MBA Applauds Introduction of Bipartisan GUIDE Compliance Act
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WASHINGTON, D.C. (April 18, 2018) - The Mortgage Bankers Association (MBA) today applauded the introduction of bipartisan legislation to regularize the provision of guidance and compliance information by the Consumer Financial Protection Bureau (CFPB).
The Give Useful Information to Define Effective Compliance Act, or GUIDE Compliance Act (HR 5534), introduced by House Financial Services Subcommittee on Housing and Insurance Chairman Sean Duffy (R-WI) and Congressman Ed Perlmutter (D-CO), compels the agency to issue guidance, including guidance necessary to comply with the law, establishes clear standards for that guidance and how it is issued, and provides a safe harbor for good faith reliance on guidance issued by the Bureau.
"The GUIDE Compliance Act will protect consumers better by ensuring that companies regulated by the CFPB have a clear understanding of how to comply with important consumer finance laws," said David H. Stevens, CMB, President and CEO of MBA. "We believe this legislation can help us get beyond the broken process of 'regulation-by-enforcement.' The best way to protect consumers is to provide clear interpretations of the rules, provide regulated entities fair notice of changes, and give them time to comply."
Stevens continued, "This is not an abstract concern. In 2015, CFPB issued its Know Before You Owe rule, overhauling disclosures for mortgage process. After issuing this rule, the Bureau declined to offer guidance and timely answers, thereby confusing some consumers and other key market participants."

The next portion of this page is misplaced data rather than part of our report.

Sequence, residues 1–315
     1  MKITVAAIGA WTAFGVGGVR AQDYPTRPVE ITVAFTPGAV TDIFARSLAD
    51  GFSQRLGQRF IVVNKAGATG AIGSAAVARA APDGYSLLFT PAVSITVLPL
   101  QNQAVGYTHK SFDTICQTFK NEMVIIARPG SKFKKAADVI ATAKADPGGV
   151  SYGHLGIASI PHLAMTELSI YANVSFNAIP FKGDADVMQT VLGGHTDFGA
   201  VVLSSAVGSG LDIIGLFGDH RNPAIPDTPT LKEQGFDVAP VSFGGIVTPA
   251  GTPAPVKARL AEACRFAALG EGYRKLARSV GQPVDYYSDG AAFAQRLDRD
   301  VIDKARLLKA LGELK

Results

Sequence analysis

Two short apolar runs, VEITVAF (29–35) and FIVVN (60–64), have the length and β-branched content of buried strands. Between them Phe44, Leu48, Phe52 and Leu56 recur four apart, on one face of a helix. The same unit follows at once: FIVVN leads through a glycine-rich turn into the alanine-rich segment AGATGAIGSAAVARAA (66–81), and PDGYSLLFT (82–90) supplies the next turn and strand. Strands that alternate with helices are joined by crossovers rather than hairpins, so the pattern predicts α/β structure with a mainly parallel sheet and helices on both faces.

Specifically, the GUIDE Compliance Act:
- Mandates that the Director issue "guidance" that is necessary or appropriate to carry out the purpose of the laws it is responsible for including facilitating compliance;
- Defines "guidance" to include a range of written issuances from interpretative and legislative rules, to bulletins and frequently asked questions;
- Requires the Bureau to publish in the Federal Register within one year of enactment the definitions, criteria, timelines and process for issuing each type of guidance the Bureau shall provide, with a final rule required within 18 months of enactment;
- Prohibits liability for reliance in good faith on guidance from the Bureau or any predecessor agency that was in effect at the time of such act or omission;
- Requires the Bureau to establish a process and timeframes for requests for guidance, including time limits to provide answers in response to requests for guidance;
- Requires the Bureau to create a process for amending or revoking guidance, including a process for public notice and comment;
- Requires the Bureau to develop guidelines for determining the size of any civil money penalties and publish these guidelines in the Federal Register within 18 months of enactment.